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On May 5, 2023, the U.S. Securities and Exchange Commission (SEC) announced it awarded an undisclosed whistleblower almost $279 million for their assistance in an investigation that led to three successful enforcement actions by the regulator and two related actions. This is the highest award in the SEC’s whistleblower program’s history.

Whistleblower’s Voluntary Disclosure and Full Cooperation Led to Historic Award

The SEC’s Order Determining Whistleblower Award Claims, Exchange Act Rel No. 97438 (May 5, 2023), indicates that there were three whistleblowers involved in the Commission’s investigation; however, only one was awarded the record award.

The Order goes on to state that the unidentified whistleblower voluntarily provided “significant” information that expanded the investigation, saved the regulator significant time and resources, and provided substantial, ongoing assistance, including written submissions, communications, and interviews. The whistleblower’s cooperation also resulted in an increased award by satisfying the requirements of Rules 21F-3(b)(1)-(2) of the Securities Exchange Act of 1934, garnering an award for the two related actions which were based in part on the same information.

The two other whistleblowers were not eligible for an award in the enforcement action, or the related actions due, in part, to the failure to voluntarily provide the information directly to the SEC.

Incentivizing Whistleblowers

Gurbir S. Grewal, Director of the SEC’s Division of Enforcement, noted that the award incentivizes whistleblowers to come forward with accurate information about potential securities violations and praised the SEC’s whistleblower program, which has resulted in disgorgement totaling over $4 billion in ill-gotten gains and interest. In line with agency policy and the Dodd-Frank Act, neither the enforcement action nor the identities of the whistleblowers were disclosed.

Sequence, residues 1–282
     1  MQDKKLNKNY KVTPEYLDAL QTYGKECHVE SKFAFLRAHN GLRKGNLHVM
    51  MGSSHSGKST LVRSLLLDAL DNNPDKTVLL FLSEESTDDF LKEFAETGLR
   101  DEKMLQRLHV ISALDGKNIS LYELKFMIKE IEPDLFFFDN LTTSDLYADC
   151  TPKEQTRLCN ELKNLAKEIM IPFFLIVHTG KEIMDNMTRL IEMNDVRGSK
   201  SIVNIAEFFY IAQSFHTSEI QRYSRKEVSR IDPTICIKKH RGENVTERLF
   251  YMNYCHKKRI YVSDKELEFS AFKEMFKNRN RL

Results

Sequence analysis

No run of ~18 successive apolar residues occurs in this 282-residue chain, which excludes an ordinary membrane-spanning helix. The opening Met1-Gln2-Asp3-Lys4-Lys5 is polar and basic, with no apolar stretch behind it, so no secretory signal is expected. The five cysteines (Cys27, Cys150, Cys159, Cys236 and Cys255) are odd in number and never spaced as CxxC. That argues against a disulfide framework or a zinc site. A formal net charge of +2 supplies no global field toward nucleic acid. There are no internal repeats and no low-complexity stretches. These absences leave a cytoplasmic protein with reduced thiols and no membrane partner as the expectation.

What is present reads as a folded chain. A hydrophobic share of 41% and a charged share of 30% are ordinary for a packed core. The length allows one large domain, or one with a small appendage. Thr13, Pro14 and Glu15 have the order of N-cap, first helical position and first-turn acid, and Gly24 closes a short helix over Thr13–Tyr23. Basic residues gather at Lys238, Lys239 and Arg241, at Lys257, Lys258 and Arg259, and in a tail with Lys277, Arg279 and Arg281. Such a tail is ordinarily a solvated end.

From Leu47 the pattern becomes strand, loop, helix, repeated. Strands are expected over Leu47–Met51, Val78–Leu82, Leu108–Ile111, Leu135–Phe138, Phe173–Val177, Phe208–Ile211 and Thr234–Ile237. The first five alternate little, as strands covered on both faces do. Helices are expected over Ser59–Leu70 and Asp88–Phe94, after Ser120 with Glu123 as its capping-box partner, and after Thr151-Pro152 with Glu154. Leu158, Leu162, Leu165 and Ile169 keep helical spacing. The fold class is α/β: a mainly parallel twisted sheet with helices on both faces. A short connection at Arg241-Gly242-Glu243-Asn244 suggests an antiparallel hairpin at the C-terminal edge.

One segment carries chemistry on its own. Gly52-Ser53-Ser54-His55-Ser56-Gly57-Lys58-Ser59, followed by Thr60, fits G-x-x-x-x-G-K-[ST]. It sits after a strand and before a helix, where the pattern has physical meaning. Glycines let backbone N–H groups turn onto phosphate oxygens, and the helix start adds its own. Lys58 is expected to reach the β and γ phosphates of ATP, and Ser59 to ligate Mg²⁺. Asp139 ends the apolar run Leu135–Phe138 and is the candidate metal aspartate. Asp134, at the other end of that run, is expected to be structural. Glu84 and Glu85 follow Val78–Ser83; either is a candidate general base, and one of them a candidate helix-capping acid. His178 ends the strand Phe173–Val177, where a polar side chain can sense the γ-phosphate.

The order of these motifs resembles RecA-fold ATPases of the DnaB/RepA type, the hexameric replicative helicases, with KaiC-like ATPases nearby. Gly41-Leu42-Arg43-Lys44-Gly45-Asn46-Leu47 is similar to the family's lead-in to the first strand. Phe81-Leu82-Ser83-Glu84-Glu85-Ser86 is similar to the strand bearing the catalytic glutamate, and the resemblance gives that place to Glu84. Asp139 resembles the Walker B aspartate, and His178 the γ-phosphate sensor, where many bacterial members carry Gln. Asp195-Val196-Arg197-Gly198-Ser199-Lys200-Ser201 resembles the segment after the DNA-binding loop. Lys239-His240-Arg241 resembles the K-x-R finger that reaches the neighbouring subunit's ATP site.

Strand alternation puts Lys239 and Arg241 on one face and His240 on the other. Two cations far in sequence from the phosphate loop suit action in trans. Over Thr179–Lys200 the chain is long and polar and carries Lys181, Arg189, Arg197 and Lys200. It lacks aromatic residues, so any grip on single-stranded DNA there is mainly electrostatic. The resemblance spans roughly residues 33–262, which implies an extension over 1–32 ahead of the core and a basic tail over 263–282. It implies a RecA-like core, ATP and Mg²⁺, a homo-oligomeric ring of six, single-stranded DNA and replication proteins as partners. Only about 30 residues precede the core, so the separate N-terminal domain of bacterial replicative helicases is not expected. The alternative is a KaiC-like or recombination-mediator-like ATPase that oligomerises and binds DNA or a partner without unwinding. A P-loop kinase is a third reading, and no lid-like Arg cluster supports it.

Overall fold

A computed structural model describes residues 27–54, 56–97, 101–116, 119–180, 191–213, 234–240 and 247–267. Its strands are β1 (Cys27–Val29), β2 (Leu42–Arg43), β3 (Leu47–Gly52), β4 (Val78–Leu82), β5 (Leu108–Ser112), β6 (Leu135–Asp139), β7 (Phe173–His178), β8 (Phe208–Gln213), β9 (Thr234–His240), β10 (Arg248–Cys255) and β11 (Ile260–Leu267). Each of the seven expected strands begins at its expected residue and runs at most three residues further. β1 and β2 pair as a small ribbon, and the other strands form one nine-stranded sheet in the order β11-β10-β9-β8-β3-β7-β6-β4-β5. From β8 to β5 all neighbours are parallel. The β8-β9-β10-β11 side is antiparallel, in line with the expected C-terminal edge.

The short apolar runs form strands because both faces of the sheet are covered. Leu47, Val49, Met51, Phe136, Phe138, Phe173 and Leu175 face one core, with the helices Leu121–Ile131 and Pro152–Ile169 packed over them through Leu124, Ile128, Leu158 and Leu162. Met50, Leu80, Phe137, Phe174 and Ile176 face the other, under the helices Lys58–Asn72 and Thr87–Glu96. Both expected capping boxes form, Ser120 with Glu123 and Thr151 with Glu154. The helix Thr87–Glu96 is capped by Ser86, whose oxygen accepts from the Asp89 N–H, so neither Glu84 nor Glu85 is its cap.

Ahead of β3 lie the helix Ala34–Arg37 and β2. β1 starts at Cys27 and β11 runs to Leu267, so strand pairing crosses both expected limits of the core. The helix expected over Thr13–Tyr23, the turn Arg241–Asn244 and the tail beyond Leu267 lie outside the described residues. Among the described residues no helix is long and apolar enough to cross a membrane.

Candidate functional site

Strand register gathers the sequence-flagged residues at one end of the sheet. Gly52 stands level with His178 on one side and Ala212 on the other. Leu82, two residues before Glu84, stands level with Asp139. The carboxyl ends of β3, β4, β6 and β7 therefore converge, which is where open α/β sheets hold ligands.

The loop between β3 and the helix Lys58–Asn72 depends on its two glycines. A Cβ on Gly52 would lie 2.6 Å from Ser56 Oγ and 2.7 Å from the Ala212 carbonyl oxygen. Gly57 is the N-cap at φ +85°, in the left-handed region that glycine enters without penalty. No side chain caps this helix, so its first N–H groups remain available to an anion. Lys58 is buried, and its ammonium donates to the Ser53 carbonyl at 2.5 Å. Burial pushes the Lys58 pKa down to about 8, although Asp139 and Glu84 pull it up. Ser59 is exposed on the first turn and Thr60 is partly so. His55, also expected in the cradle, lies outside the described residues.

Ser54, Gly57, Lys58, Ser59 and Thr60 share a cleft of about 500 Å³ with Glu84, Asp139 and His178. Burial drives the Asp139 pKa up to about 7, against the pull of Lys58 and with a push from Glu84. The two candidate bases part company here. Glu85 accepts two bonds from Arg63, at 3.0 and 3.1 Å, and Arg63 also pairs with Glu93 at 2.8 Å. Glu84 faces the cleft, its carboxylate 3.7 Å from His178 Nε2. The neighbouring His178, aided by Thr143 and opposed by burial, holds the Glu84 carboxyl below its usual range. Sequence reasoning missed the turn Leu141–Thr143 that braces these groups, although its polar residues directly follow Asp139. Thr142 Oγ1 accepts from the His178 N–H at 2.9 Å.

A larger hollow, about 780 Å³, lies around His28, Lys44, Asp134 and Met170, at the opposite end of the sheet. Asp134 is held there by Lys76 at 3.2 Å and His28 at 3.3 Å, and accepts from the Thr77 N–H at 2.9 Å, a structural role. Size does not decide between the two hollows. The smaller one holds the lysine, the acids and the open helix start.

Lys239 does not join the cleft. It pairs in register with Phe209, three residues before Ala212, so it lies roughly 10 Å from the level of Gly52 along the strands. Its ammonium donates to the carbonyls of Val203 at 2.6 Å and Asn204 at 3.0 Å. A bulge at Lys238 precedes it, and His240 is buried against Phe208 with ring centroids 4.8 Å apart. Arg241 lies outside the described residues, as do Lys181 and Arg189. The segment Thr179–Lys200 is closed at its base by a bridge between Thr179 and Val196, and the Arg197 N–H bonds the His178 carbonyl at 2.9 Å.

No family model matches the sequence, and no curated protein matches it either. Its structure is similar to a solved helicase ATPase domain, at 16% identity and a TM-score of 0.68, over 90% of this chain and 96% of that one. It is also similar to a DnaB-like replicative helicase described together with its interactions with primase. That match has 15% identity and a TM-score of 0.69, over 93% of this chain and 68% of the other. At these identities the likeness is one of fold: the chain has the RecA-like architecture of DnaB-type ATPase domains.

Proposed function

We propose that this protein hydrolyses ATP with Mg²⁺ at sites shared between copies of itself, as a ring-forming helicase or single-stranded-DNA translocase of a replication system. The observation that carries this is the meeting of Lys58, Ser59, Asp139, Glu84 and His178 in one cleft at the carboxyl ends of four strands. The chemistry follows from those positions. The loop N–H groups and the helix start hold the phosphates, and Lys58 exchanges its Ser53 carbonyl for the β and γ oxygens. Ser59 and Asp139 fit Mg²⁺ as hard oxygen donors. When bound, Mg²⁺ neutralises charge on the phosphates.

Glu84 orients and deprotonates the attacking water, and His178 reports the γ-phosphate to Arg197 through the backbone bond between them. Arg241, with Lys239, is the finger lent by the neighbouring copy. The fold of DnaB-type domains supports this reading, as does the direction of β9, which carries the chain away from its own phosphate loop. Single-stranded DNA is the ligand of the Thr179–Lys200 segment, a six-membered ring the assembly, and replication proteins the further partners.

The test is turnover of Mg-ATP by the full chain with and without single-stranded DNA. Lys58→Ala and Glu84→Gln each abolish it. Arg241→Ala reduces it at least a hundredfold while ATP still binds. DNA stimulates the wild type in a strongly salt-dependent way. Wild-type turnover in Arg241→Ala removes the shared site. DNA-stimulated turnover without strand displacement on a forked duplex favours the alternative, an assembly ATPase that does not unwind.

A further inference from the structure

Whistleblowers whose timely and credible information lead to successful civil enforcement actions are eligible to receive anywhere from 10-30% of the fines collected as a reward, assuming the SEC collects more than $1 million.

The SEC’s push for voluntary and full, complete disclosure from whistleblowers syncs up with other federal regulators and law enforcement agencies renewed and revamped policies on incentivizing cooperation with the government for corporate misconduct.

With record-setting fines being levied in the billions of dollars, coupled with the substantial whistleblower incentives being offered by the SEC, it is more critical than ever for companies to ensure that they have effective corporate compliance programs, including the adoption of internal helplines and reporting systems.

Buchanan’s white collar defense and corporate compliance practice groups have extensive expertise in assisting clients with whistleblower concerns as well as the adoption and implementation of corporate compliance programs and are available to provide guidance and assistance in these important areas.